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The MacGuffin – Spring/Summer 2010

Curiosity got the better of me. Once I’d read the title, “Je Suis un Ananas” (I am a Pineapple) in the TOC, I had to turn to Libby Cudmore’s essay right away. I got doubly rewarded for my impatience. First, with Cudmore’s short, insightful response to “new media” (YouTube, Facebook) efforts to encourage a revisionist approach to childhood memories; and then by Colleen Pilgrim’s exquisite black and white photo, “Bog Trail,” which I had not expected on the facing page. The quality of Pilgrim’s photo sent me straight back to the TOC to look for other photos, and I was happy to find another of Pilgrim’s photo, and stunning images by Patrick Mog and Robert McGovern.

Curiosity got the better of me. Once I’d read the title, “Je Suis un Ananas” (I am a Pineapple) in the TOC, I had to turn to Libby Cudmore’s essay right away. I got doubly rewarded for my impatience. First, with Cudmore’s short, insightful response to “new media” (YouTube, Facebook) efforts to encourage a revisionist approach to childhood memories; and then by Colleen Pilgrim’s exquisite black and white photo, “Bog Trail,” which I had not expected on the facing page. The quality of Pilgrim’s photo sent me straight back to the TOC to look for other photos, and I was happy to find another of Pilgrim’s photo, and stunning images by Patrick Mog and Robert McGovern.

Two other provocative titles proved to be signs of great finds as well: Sean Trolinder’s story “Tuba Men Pride,” one of the best “teen-age boy stories,” I’ve read lately; and a portfolio of highly unusual poems by John E. Smelcer, “Poems from the Coldest Place on Earth: Introduction to Ahtna Poems.” The Ahtna language, an introductory note explains, once spoken by people in east-central Alaska, may be one of the oldest languages in North America. Fewer than two-dozen speakers of the language remain. Thirty years ago Smelcer learned to speak the language “from every single living elder who spoke any degree of the language.” He has published a dictionary of Ahtna and writes poems in the language, which he translates into English. In this region of Alaska, temperatures frequently fall to as low as seventy degrees below zero, so it should come as no surprise that cold, the natural world, and the Alaskan landscape are the subjects of Smelcer’s poems in Ahtna, like Late October (Uts’e’ Lkec’endeli Na’aaaye’):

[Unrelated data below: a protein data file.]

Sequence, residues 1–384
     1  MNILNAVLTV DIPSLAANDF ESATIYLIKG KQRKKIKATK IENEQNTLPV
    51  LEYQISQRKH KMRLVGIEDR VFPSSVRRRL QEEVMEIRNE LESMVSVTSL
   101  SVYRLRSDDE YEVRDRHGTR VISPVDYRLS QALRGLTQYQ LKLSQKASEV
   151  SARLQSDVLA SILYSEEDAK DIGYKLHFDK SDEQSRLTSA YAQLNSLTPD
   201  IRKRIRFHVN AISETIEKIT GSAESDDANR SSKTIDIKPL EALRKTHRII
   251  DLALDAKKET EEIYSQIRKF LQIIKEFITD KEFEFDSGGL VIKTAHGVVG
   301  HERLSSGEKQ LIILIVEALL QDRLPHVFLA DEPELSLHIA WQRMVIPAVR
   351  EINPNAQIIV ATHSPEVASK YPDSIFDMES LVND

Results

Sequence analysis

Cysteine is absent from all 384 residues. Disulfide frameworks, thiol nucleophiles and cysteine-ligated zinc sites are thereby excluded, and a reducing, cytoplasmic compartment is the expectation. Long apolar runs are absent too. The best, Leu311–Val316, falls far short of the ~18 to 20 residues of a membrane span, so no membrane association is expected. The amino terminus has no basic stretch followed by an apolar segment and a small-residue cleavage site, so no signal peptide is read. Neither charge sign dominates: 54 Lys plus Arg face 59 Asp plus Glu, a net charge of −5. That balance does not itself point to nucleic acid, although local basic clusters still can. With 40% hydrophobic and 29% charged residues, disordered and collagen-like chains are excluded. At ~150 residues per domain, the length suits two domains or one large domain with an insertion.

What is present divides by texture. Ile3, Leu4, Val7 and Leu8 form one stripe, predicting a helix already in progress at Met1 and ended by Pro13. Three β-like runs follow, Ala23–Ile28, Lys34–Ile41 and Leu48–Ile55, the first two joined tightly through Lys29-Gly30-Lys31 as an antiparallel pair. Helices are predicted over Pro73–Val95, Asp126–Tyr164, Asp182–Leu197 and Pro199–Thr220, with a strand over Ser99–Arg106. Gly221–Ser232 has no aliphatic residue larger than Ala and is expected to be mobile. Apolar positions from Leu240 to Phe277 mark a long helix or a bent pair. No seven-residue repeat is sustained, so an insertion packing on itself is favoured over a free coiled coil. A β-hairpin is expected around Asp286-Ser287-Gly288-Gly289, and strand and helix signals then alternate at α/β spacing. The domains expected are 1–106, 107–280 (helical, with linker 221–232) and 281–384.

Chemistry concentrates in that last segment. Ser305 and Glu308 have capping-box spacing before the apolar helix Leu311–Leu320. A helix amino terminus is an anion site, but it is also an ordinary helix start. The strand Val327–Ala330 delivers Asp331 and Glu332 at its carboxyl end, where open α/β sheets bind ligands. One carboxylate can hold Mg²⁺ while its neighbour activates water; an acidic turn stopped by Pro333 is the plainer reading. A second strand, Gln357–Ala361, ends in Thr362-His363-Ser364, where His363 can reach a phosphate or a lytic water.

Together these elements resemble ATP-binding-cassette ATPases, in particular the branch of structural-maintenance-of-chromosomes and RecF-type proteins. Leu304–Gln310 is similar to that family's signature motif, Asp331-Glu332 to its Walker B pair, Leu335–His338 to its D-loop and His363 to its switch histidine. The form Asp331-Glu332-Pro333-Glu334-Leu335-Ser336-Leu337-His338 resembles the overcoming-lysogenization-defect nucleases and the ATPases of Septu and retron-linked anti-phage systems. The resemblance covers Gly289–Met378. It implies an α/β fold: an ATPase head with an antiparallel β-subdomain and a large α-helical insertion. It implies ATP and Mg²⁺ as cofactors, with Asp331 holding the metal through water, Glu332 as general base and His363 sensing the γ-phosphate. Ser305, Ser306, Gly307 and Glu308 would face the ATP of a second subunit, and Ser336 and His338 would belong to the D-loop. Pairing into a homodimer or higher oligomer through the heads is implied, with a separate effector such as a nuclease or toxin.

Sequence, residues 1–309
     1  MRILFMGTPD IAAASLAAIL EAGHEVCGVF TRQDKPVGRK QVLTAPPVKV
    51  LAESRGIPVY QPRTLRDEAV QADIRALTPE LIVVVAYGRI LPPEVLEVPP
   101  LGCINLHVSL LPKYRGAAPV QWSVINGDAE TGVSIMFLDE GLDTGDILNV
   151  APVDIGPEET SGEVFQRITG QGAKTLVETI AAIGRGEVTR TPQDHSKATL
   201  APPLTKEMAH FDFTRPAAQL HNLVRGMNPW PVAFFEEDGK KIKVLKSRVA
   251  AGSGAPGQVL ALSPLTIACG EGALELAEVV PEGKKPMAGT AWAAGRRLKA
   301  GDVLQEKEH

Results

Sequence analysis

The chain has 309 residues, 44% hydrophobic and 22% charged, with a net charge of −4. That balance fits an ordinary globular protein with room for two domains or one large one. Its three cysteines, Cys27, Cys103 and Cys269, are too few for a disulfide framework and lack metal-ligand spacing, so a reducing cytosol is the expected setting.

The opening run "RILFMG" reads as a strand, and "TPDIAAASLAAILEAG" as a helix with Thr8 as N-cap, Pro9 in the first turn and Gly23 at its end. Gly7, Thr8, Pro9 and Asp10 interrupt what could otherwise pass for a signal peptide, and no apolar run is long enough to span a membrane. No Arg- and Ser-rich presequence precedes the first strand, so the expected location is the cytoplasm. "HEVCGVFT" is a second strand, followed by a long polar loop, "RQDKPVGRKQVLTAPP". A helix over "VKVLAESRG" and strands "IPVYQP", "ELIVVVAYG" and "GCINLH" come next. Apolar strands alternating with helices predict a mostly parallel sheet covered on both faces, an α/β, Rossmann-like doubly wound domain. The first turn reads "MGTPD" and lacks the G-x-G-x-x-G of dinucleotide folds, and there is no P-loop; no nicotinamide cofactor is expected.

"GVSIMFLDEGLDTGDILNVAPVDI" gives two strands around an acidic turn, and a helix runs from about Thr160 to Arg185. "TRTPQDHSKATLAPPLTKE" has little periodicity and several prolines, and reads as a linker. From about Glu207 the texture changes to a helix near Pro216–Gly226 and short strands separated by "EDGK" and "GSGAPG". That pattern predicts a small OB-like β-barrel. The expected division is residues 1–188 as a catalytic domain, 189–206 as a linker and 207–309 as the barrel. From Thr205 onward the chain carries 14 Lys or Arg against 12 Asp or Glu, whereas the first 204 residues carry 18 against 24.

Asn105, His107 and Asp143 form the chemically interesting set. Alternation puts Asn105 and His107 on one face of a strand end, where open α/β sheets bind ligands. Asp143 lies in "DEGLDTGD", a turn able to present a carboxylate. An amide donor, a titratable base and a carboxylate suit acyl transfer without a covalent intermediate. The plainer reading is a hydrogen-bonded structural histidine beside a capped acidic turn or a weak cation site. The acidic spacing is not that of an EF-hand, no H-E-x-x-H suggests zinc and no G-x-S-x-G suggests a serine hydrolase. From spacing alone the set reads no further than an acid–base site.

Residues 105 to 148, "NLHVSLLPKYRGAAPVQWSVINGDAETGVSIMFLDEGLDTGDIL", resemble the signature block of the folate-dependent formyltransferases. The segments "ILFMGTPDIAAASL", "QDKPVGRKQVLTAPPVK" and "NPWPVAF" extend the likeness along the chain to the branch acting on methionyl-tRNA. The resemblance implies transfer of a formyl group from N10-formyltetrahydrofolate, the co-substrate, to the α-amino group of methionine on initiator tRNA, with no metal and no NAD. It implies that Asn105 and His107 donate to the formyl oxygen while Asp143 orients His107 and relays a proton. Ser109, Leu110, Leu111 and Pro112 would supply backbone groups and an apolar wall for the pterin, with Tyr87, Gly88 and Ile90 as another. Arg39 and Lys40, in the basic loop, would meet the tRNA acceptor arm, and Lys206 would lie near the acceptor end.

The world begins to freeze
Ice forms at the edges of creeks. Beaver ponds
Ice over. Black bears and grizzlies and trees
Go to sleep. Everywhere, animals large and small,
Prepare for the long struggle to survive winter –
Their collective sighs turning into fog.

Luu yaen’ kuzdlaen.
Ten ghan c’elaex. Ten tsa’ ben.
Nel’ii’e’tsanni ‘el ts’ abaeli
naal. Hwt’aene, nunyae ce’e ‘el ggaay,
zaa zet xay na’dghi’aan –
niltatnet’an iits’ zdlaen ten aak’ caan.

There seems something inherently poetic to me about the effort to keep alive a language on the verge of extinction, and to do so through verse. Ethnolinguists say that hundreds of native languages around the globe are dying. I admire and appreciate The MacGuffin’s effort toward helping to preserve the Ahtna language.

The issue also features 15 other works of short fiction (no cause for alarm, most stories are 2-3 pages); poems from a dozen poets; and two essays in addition to Cudmore’s. A poem by Suzanne Roberts, “The Hutong,” is representative, rich in visual details manipulated deliberately, but gently:

Small shops sell pencils, rice,
haircuts, quivering prawns, rusting
car parts, green snails, lamps,
still flopping fish.

A billboard shows a jet slicing
through a cloudless, blue sky.
Next to the Chinese letters,
the English reads, London
has never been so close.

Much as I couldn’t stop myself from turning first to the French pineapple, I can’t refrain from closing this short review with the opening lines of Mary Jo Firth Gillett’s “The Pick,” given all that has happened since the composition and publication of the poem:

She’s not afraid to live alone near the Gulf Coast,
land of fire ants, scorpions, and reptiles large enough
to eat a man. Home of the bikers’ Sofftail Bar.

Yet another endangered reality. Poetry – and the publications that keep its heart beating – seem more necessary than ever these days.
[www.schoolcraft.edu/macguffin/]

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